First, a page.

Schmidt Hammer Lassen Architects has revealed the design of a new campus complex for the Norwegian Geotechnical Institute, Norway’s largest geotechnical specialist community, to be built in Northern Oslo.
The 30,000-square-meter (323,000-square-foot) complex will be comprised of two new buildings linked by a common entrance podium and a series of elevated walk- and bikeways. Aimed at housing up to 300 new employees, the NGI is envisioned as a new “knowledge axis” that will spawn increased pedestrian and bicycle traffic in the coming years.
The buildings will house “sustainable and flexible frameworks” for staff and visiting clients to attract new start-up companies both inside and outside the geoscience industry. The architecture inside will cater to these formal and informal meeting with a open yet dynamic layout. Approximately 20 percent of the campus will be open to the public, including cafes, shops, meeting spaces and an expansive new green space that will integrate into the existing neighborhood.
“The campus is designed with a modern expression and a strong identity with respect to its context,” commented Kim Holst Jensen, senior partner at Schmidt Hammer Lassen. “The campus buildings will stand prominently in the local skyline and will reciprocate the voluminous Ullevål Stadion, Norway’s national football stadium located directly across the street.”
The larger of the two buildings will be organized around a central, “panoptic” space to create visual connections between each of the floors, allowing researchers to glance into the advanced laboratory work taking place throughout the building. Other program elements include a dining hall, offices, meeting rooms, courtyards and below-ground parking.
Large, framed opening direct views out of the building, as well as allow an abundance of natural light to penetrate into the interior, while green roofs, terraces and solar panel systems will clad the horizontal surfaces of the exterior. The entire complex is striving for high environmental sustainability standards in accordance with the Breeam NOR environmental certification.
SHL is working with local practice SJ Architects on the project. Work on the project will occur while the existing campus remains in operation.
Amazon has announced the list of 20 finalists in the running to become the new home city for their highly hyped second headquarters, known as HQ2.
The tech company, based in Seattle, selected the finalists from more than 238 applications from cities located in Mexico, Canada and the United States, each hoping to raise their global profile and jump start their individual economies with the 50,000 new jobs the company says it would create.
The finalist cities include:
New York City
See the full announcement here, and learn more about the process here.
We are starting the new year with an announcement from the American Institute of Architects that there will be no winner for their Twenty-five Year Award in 2018. This will be the first time this has occurred since the award was officially established in 1971. The AIA award recognises buildings that have “stood the test of time for 25-35 years and continues to set the standards of excellence for its architectural design and significance.”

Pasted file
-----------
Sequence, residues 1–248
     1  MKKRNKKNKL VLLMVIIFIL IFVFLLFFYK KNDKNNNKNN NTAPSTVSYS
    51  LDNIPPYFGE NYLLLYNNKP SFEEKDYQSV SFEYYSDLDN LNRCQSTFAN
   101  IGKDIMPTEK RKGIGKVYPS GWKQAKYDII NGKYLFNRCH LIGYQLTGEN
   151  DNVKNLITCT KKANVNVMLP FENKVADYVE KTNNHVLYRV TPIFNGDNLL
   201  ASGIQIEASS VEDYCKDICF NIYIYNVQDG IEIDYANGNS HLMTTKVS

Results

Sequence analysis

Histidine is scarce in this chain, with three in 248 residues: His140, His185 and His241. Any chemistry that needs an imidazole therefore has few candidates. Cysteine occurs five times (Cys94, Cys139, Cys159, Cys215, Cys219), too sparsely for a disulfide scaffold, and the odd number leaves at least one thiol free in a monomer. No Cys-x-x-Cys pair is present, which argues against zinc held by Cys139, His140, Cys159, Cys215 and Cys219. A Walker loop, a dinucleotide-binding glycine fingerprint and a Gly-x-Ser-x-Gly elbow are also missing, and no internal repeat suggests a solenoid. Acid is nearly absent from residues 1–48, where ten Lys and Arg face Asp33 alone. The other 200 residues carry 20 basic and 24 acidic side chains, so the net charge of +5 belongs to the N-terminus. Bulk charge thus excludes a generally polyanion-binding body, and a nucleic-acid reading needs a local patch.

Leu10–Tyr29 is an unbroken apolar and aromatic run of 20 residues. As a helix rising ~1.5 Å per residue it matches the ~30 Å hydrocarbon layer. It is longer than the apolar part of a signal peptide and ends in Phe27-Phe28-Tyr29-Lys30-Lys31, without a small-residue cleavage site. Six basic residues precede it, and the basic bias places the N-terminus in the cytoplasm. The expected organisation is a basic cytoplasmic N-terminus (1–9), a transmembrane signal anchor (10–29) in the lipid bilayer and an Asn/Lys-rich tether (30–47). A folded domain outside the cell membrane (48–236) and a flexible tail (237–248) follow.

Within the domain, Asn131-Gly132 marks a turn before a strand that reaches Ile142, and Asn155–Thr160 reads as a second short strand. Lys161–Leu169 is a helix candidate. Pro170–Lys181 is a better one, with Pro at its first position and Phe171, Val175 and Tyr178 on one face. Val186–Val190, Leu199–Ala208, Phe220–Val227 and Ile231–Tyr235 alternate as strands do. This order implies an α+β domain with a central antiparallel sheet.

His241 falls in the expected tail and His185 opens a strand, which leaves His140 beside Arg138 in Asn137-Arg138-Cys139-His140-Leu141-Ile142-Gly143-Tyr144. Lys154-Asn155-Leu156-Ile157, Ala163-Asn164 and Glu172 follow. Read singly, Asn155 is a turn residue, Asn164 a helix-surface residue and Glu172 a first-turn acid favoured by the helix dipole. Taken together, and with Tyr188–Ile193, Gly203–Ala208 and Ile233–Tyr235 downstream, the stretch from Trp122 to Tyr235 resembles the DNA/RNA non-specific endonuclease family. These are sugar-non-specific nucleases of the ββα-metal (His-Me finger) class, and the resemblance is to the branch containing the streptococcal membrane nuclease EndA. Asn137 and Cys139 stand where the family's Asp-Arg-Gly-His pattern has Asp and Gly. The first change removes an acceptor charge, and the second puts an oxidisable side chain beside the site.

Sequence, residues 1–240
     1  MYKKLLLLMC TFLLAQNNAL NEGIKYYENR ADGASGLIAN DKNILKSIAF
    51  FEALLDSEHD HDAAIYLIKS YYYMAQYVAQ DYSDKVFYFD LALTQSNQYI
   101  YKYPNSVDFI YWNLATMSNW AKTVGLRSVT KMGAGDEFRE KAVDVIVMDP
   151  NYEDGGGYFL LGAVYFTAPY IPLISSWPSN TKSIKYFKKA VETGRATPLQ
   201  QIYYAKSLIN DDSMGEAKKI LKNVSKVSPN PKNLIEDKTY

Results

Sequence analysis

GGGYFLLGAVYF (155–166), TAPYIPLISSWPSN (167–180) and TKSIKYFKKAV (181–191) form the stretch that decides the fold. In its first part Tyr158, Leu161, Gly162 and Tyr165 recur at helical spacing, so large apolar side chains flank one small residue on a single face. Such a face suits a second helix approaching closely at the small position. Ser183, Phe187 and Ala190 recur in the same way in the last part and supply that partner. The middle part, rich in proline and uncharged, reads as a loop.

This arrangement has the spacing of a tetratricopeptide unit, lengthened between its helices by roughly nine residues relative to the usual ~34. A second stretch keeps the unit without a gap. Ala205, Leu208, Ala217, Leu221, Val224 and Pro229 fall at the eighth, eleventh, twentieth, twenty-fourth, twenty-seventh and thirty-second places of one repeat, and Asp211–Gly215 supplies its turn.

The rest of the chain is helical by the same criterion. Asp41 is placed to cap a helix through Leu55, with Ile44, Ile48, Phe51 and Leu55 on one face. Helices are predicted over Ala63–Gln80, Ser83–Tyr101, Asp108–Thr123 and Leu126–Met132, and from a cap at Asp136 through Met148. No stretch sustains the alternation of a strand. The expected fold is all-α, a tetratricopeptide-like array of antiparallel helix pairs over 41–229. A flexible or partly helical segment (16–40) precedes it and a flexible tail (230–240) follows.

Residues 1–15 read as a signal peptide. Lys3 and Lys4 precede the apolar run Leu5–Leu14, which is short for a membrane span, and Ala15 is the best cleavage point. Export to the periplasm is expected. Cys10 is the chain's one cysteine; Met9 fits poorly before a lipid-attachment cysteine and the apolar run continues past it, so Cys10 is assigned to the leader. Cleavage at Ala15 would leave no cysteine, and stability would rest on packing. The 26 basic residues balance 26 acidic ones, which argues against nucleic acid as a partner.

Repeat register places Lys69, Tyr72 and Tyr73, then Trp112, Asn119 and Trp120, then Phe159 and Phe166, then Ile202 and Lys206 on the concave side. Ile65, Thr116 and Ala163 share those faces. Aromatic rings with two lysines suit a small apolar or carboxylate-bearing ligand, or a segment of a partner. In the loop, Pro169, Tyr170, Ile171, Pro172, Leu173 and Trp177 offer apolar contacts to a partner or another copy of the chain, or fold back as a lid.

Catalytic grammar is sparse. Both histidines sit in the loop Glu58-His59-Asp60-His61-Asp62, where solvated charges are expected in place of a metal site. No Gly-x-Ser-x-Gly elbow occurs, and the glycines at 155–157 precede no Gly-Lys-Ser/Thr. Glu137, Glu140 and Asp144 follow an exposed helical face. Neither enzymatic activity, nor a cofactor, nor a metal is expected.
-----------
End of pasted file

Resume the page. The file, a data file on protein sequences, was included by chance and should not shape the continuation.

The AIA released the following statement: “The jury felt that there were submissions that appeal to architects and there were those that appeal to the public. The consensus was that the Twenty-five Year Award should appeal to both. Unfortunately, this year the jury did not find a submission that it felt achieved twenty-five years of exceptional aesthetic and cultural relevance while also representing the timelessness and positive impact the profession aspires to achieve.”
This year’s jury included architects from Hartman-Cox Architects, Duvall Decker Architects, Strata Architecture + Preservation, Shyft Collective, KSS Architects, Bohlin Cywinski Jackson, Grace Farms Foundation and Rogers Partners, chaired by Lee Becker, a fellow of the AIA.
The Royal Institute of British Architects (RIBA) has revealed the 2018 RIBA International List, the longlist of buildings in the running for one of the world’s most prestigious architecture awards, the RIBA International Prize.
The biennial award considers the world’s best new buildings completed in the past two years that exemplify “design excellence, architectural ambition and delivering meaningful social impact.” This year’s longlist features 62 projects from around the world, more than double the number selected for the longlist of the inaugural prize in 2016.
“The RIBA International List 2018 shines a light on the world’s best new buildings and most impressive architectural talent,” said RIBA President, Ben Derbyshire. “Most importantly, this significant selection of 62 projects illustrates the meaningful impact and transformative quality that well-designed buildings can have on communities, wherever they are in the world.”
The shortlist for the RIBA International Prize will be selected from this list by a Grand Jury led by esteemed architect Elizabeth Diller of Diller Scofidio + Renfro. The overall winner of the RIBA International Prize will be announced in December 2018.